It is now likely that for only the second time since World War II a major leadership change in the Soviet Union could coincide with a similar change in the United States. Already prominent political analysts are suggesting Ronald Reagan is unlikely to be a two-term president for two reasons: He is already over 70 and may be unwilling to undergo again the rigors of a presidential campaign. In addition, even though his economic program is unusally controversial and may be a unique electoral handicap in 1984, it may also be true that any program to restructure the American economy is likely to raise the social level of pain to a point that incumbents will suffer at the polls.
Within the Soviet Union there are also growing signs of a leadership change. The press treatment of Leonid Brezhnev increasingly seems designed to prepare the Soviet people for change. During Brezhnev's recent trip to Bonn, for example , Pravda ran a front-page picture of Brezhnev that could not fail to suggest to ordinary Soviet readers that their nation's top leader is in ill health and must soon pass from the political scene.
The first time a major leadership change took place in both the superpowers was in 1953. It was the year of Eisenhower's inauguration and Stalin's death. The issue then as it will be soon is how the West should react to such a sudden change at the center of the world's diplomatic stage.
One view held in 1953 was that of Winston Churchill, who believed that such a fundamental turning point in Soviet history could create a unique opportunity for the West. He therefore urged Eisenhower to agree to an early summit meeting with the new Soviet leadership under Georgi Malenkov, who within a few brief months advanced twin heresies. He raised the priority given to the consumer in Soviet society and he stated that nuclear war would ''probably'' mean the end of civilization. (It took the Soviet Union until the end of the Brezhnev period of 25-plus years to recognize the wisdom of these twin heresies.)
Under Malenkov, the Soviets undertook a number of accommodating decisions: They accepted Dag Hammarskjold as UN Secretary General; they urged more rapid progress in the Korean War negotiations, which succeeded a few months later; they negotiated the Austrian peace treaty; they renounced territorial claims on Turkey; and they established diplomatic relations with Greece, Israel, and Yugoslavia.
But they also maintained their cruel grip on Eastern Europe and continued to be caught in a paranoid view of the world. Secretary of State Dulles persuaded Eisenhower to resist Churchill's advice, and the summit meeting was delayed until 1955. By that time the more accommodative Malenkov had fallen from power. Replacing him were men determined to preserve the traditional priority accorded heavy industry and Soviet defense.
The second leadership change occurred with John F. Kennedy's assassination and Nikita Khrushchev's fall. That change was less traumatic since the code word for successors in both countries was continuity and stability.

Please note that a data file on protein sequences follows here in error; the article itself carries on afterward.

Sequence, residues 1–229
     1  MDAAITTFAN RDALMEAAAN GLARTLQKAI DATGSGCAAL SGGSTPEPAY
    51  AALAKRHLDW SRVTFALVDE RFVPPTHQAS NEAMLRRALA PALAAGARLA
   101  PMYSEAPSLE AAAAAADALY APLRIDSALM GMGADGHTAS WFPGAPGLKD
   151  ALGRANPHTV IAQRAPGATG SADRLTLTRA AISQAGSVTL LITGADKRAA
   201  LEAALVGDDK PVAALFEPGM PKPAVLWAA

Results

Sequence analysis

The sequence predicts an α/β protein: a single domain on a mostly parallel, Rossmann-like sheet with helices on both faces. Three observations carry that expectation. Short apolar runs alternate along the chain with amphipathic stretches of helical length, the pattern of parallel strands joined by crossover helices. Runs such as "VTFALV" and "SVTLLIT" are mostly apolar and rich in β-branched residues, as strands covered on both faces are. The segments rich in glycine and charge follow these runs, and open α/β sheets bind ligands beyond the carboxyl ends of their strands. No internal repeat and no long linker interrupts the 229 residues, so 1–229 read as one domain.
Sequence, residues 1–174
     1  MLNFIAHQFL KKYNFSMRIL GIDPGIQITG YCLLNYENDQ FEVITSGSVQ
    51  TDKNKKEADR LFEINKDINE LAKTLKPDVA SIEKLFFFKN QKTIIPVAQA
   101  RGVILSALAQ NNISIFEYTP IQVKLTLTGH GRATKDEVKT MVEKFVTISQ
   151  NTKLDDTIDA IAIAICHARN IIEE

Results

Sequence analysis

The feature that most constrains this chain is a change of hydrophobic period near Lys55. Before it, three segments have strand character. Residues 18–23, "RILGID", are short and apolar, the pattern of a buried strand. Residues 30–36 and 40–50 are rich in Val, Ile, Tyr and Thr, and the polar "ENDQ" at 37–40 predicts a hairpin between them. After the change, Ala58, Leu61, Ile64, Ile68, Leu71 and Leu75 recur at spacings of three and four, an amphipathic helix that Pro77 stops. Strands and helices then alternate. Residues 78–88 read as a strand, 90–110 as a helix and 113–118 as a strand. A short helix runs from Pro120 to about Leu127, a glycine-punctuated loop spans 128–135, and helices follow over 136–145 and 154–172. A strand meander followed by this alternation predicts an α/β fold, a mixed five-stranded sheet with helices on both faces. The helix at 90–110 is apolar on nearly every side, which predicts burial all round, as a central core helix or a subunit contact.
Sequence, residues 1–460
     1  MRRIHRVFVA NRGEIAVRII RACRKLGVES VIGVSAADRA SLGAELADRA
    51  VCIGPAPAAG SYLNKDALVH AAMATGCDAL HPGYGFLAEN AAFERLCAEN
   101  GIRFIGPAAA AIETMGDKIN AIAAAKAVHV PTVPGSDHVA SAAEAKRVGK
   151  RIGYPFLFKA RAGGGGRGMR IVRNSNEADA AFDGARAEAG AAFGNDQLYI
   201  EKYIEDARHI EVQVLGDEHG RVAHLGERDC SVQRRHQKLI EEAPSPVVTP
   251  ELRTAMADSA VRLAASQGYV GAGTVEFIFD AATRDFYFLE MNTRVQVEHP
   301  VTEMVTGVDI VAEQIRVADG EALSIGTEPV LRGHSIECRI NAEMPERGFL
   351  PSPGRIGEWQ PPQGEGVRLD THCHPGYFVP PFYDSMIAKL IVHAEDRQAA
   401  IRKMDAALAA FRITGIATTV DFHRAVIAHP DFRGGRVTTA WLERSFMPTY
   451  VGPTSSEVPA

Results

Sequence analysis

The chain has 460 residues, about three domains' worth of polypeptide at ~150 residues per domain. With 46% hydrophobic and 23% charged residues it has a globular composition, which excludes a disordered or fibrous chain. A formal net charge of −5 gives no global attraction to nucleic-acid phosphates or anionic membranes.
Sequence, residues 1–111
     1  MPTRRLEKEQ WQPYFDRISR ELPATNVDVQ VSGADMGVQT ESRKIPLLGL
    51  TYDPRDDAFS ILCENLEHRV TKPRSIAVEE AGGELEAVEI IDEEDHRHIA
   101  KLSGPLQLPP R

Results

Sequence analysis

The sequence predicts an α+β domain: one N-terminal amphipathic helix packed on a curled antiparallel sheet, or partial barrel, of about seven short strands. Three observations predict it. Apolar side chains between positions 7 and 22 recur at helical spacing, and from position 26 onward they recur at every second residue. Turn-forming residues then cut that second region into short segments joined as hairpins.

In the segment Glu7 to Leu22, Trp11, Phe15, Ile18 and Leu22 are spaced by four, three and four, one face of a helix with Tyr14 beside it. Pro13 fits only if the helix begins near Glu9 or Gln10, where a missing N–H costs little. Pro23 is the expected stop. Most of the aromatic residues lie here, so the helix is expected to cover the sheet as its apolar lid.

The leadership change now in prospect seems more likely to resemble that of 1953 than that of 1963-64. Of course, historical parallels are never exact. The men who replace Brezhnev are unlikely to resemble Malenkov and no one on the American scene resembles Eisenhower. But there are similarities.
Each country is in the opening stages of a new arms race that as in the past will raise fear more than security. As then the international scene is also entering into an unusally dangerous period of superpower tension. Finally, as in the early '50s, both Eastern Europe and the third world are explosive.
In the current circumstances does a Churchillian effort to reach out to communicate make sense? The answer is yes if one understands that the goal of summit contact then and now cannot be the same.
In most of the postwar period the main goal of summits was to break bottlenecks that lower ranking officials could not crack. But the level of understanding is now so low, and the respective stakes are now so high, that no breakthrough at any level is likely. A summit meeting based on the expectation of a breakthrough would simply fail. The purpose of summits now is not to seize major historical opportunities as in 1953 but to chip away at progressively dangerous and otherwise rising levels of suspicion.
For that to happen, however, not one summit is needed but regular summits. Regularity could preserve the educational advantages of encounters at the highest levels yet could lower public expectations of a policy breakthrough developing from any single meeting.
A few years ago the Soviet Union advanced a proposal for a single meeting of the UN Security Council at the head-of-government level. Perhaps a better approach would be an understanding that the top leaders of the two superpowers would accept the responsibility that once a year each would address the UN General Assembly or the Security Council with a state-of-the-world message. Then - as now happens without too much fanfare for the Soviet foreign minister and the US secretary of state - the two heads of government could meet informally without excessive expectations but over time with valuable effect.
Nearly 30 years ago with Stalin's death Western determination to keep the diplomatic doors closed lost the West an historic opportunity. This time around, with Brezhnev's departure and yet another change in the US likely, let us try to be sure that diplomatic doors remain open.